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Beyond Politics => General Discussion => Topic started by: SuperColinBlow on July 31, 2019, 04:00:54 pm


Title: 50 Years since the Moon Landing....and....?
Post by: SuperColinBlow on July 31, 2019, 04:00:54 pm
I should have posted this about a week or so ago, but I didn't. So now I am. (I gleaned the information within from Wikipedia; I know that isn't the most accurate source, but so be it. I don't have a subscription to Britannica.)

It's been 50 years since the world was captivated by Armstrong's & Aldrin's walk on the Moon. And...nada.

If you've seen "Apollo 13" you'll recall how the transmission from the capsule on its way to the Moon was dumped by the networks because, as one official put it, "they've made a trip to the Moon as exciting as one to Pittsburgh." The American public (and I will venture to assume, much of the World's population) quickly lost interest in the lunar program. We've beat the Russians, now let's spend the money on something else. The disaster of Apollo 13 temporarily peaked public interest because said disaster made it interesting to watch. I venture to guess that by Apollo 14, interest waned again.

And let's face it, the prohibitive cost of landing on the Moon--certainly of maintaining a lunar base--is part of the reason we haven't gone back since Apollo 17; to the tune of $25.4 billion ($158 billion in 2018 dollars). From 1964-66, NASA's budget peaked at 4% of all federal spending. [Wikipedia "Budget of NASA"]

It seems clear to me that if we hadn't had two wars we'd have a moon base by now. Alas, we don't. And it's a pity. And I'm wondering if we will ever go back for the same reason as that quote from Apollo 13 about a trip to Pittsburgh.
Title: Re: 50 Years since the Moon Landing....and....?
Post by: Omni on July 31, 2019, 04:39:55 pm
I should have posted this about a week or so ago, but I didn't. So now I am. (I gleaned the information within from Wikipedia; I know that isn't the most accurate source, but so be it. I don't have a subscription to Britannica.)

It's been 50 years since the world was captivated by Armstrong's & Aldrin's walk on the Moon. And...nada.

If you've seen "Apollo 13" you'll recall how the transmission from the capsule on its way to the Moon was dumped by the networks because, as one official put it, "they've made a trip to the Moon as exciting as one to Pittsburgh." The American public (and I will venture to assume, much of the World's population) quickly lost interest in the lunar program. We've beat the Russians, now let's spend the money on something else. The disaster of Apollo 13 temporarily peaked public interest because said disaster made it interesting to watch. I venture to guess that by Apollo 14, interest waned again.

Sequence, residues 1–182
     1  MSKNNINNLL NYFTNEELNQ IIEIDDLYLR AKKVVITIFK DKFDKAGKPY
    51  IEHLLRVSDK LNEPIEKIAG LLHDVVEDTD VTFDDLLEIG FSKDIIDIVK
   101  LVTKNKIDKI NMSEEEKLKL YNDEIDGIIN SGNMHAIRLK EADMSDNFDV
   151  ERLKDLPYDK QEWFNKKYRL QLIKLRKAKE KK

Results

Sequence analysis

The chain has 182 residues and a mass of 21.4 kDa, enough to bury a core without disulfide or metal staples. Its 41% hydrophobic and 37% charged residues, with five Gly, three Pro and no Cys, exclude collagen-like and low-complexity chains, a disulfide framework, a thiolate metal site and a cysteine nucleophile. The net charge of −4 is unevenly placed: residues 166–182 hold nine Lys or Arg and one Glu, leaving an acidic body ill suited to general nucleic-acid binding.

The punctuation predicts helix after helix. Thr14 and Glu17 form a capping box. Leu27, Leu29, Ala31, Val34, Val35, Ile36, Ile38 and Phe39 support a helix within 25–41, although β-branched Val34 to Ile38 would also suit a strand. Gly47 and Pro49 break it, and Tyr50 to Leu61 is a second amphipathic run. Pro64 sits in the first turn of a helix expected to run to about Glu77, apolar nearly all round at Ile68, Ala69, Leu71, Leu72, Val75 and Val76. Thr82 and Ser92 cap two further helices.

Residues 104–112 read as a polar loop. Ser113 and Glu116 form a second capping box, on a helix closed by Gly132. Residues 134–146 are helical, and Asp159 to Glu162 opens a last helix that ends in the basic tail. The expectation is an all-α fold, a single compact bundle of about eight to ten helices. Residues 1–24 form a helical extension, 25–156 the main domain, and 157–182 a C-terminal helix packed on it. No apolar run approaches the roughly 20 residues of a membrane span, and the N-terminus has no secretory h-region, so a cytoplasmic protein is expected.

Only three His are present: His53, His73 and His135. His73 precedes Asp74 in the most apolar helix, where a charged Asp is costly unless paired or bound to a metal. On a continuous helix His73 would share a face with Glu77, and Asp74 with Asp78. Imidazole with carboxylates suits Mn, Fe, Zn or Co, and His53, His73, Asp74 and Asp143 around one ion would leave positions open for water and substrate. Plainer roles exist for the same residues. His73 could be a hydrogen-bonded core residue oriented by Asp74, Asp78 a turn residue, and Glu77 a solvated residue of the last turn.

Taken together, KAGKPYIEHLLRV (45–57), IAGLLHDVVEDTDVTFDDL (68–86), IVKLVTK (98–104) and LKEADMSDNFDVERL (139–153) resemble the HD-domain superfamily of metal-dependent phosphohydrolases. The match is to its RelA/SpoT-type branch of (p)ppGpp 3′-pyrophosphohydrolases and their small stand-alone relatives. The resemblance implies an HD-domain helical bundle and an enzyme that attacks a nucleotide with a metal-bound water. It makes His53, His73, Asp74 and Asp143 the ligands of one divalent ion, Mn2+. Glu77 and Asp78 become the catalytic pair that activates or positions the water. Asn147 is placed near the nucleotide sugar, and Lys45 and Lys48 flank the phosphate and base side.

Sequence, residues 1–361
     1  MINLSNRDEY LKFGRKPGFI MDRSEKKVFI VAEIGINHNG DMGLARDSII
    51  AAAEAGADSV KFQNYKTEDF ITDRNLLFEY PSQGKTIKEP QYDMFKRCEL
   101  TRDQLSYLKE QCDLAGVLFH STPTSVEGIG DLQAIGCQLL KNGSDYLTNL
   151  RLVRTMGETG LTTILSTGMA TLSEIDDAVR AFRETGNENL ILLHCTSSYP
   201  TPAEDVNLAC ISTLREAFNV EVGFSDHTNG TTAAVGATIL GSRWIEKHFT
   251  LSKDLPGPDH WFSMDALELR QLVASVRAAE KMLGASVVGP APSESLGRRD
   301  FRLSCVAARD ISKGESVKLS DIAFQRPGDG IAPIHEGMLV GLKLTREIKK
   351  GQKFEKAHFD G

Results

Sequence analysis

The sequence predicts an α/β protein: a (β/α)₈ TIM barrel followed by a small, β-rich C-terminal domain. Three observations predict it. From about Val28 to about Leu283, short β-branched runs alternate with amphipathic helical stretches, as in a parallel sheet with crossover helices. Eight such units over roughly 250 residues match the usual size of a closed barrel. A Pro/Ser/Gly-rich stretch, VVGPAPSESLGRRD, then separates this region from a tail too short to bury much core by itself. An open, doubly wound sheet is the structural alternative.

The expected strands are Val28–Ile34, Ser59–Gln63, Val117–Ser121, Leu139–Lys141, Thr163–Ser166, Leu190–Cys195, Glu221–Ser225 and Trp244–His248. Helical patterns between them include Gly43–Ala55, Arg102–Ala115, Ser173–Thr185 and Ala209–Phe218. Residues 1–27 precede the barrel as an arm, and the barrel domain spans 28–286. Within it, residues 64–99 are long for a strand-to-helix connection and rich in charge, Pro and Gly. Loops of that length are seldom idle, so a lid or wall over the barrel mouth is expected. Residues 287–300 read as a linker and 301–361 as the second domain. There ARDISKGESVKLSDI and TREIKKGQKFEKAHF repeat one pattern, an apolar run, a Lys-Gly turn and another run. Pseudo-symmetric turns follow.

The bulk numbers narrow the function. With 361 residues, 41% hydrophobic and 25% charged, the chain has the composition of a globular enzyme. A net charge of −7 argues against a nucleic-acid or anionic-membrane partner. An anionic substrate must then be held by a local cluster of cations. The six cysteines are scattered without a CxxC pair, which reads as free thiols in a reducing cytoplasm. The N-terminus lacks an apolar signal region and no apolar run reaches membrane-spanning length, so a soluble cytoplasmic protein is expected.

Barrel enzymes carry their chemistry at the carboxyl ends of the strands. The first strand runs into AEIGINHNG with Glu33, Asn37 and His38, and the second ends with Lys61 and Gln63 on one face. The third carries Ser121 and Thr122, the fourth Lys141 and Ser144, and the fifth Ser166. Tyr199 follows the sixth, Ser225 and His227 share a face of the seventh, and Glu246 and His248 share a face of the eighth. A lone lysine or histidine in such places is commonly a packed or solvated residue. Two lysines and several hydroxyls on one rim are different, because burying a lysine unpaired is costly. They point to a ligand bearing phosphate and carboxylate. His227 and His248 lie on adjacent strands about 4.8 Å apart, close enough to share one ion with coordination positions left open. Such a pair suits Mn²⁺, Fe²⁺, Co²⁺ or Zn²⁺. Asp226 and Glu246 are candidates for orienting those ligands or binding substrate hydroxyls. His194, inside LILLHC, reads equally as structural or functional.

And let's face it, the prohibitive cost of landing on the Moon--certainly of maintaining a lunar base--is part of the reason we haven't gone back since Apollo 17; to the tune of $25.4 billion ($158 billion in 2018 dollars). From 1964-66, NASA's budget peaked at 4% of all federal spending. [Wikipedia "Budget of NASA"]

It seems clear to me that if we hadn't had two wars we'd have a moon base by now. Alas, we don't. And it's a pity. And I'm wondering if we will ever go back for the same reason as that quote from Apollo 13 about a trip to Pittsburgh.

I suggest kicking Trump out of office and then you can focus tax dollars away from more guns/bombs, this time possibly headed for Iran, and also away from the corporate billionaires pockets Trump loves to cozy up to, and spend it on worthwhile things. Space travel may not interest you but perhaps more down to earth worthwhile issues, such as climate change.
Title: Re: 50 Years since the Moon Landing....and....?
Post by: wilber on July 31, 2019, 11:31:19 pm
Like the space station, costs will make it an international affair.  There also has to be a really good reason to go there, other than just going there. I'm not sure I've heard one yet.
Title: Re: 50 Years since the Moon Landing....and....?
Post by: Omni on August 01, 2019, 12:14:45 am
Like the space station, costs will make it an international affair.  There also has to be a really good reason to go there, other than just going there. I'm not sure I've heard one yet.

So let's then take all the dollars that could be spent on space exploration, put it in a separate bag, out of the hands of criminals like Trump and Putin, and spend it on valid projects here on earth, and not more **** wars. If we can't do that, let's go back to the moon or beyond.